me: yes it is excellent
if it were 24 of my close friends i would do it in a heartbeat
but that's simply not an option
Cheeseus: It's things like that that make me sad with humanity
2:15 PM me: Aye.
People who have to face each other and the consequences of their actions the day after loot distribution becomes corrupt.
I staunchly opposed this distribution method and although he favored it himself, Cheeseus agreed with me on the reasoning: Loot Council is too easily corrupted. It only takes one bad day for the loot distributor to be pissed off at a player, to bias his judgement just enough to issue loot out to someone else unfairly. DKP is a pure numbers-based system, directly representing a player’s contribution to raid progress as a whole.
You don’t issue rewards by how you feel, you issue them by the measurement of accomplished goals.
These conversations involving the mathing out of character stats, of the ethics surrounding loot, and our analytical approach to closing gaps in our raiding efficiency invoked a feeling of deja vu whenever we’d engage in such chatter. As the weeks carried on, Cheeseus grew to remind me more and more of someone I’d had these conversations with before.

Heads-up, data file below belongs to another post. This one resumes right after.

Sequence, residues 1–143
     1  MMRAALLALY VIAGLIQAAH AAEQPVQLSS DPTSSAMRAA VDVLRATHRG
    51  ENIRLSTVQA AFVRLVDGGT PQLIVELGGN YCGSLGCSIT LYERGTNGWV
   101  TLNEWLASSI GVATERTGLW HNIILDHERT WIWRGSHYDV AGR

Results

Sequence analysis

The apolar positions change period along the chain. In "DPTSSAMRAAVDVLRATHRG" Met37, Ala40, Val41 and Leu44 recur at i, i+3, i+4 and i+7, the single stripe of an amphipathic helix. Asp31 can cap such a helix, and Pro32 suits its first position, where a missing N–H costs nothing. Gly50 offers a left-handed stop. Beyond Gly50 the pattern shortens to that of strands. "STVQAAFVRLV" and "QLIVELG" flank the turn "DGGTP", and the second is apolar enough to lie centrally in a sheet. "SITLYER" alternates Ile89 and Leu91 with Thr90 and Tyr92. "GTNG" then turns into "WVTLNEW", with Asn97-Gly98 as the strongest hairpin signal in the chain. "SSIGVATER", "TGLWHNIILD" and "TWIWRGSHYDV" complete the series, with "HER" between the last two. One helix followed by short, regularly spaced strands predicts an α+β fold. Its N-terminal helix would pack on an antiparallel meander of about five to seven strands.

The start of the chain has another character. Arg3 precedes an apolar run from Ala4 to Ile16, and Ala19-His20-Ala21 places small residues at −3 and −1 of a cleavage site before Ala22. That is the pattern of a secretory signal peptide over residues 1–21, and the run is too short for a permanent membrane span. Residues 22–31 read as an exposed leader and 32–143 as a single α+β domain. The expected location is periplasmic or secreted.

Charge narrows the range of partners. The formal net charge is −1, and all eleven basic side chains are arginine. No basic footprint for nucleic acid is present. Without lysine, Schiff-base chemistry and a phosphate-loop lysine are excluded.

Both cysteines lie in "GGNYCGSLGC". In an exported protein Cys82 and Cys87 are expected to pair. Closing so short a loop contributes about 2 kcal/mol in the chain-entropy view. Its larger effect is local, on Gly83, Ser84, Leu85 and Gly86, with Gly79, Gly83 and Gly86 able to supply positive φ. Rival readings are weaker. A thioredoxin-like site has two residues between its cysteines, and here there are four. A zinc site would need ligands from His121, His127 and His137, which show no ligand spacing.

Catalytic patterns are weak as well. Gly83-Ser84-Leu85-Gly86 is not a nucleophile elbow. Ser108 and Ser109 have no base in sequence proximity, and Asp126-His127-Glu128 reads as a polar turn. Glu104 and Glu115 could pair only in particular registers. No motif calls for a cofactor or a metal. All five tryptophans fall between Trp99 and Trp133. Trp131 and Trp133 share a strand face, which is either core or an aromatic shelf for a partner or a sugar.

He reminded me of Blain.
|Cheeseus shows off his Twilight Drake,|
alongside the 25-Man Progression team,
The PlanI came to see this correlation between him and my now defunct Raid Leader of three years with increasing clarity. Like Blain, he expressed little interest or empathy toward the “plight” of the casual player, but where Blain’s perceived “assholiness” came from a core ideology of speaking the unvarnished truth, Cheeseus’s inability to mediate drama was more rooted in apathy. The reasoning was moot. I never expected Blain to handle such issues, and wouldn’t expect that of Cheeseus either. Blain had a passion for pushing the boundaries of what a player could do, smashing their preconceived notions which only served to limit them. Like him, Cheeseus felt our raid team could be so much more. We were disconnected, and lacked a central leader to follow:
12:05 PM Cheeseus: My strength has been, and always will be raiding. When I raid I want to spend minimal time on trivial things, and to (quickly) overcome new encounters. Though theorycrafting, out of game resources, and my knowledge of WoW I formulate effective manners of overcoming new content. Regardless of my position in the guild, I’m liable to do such.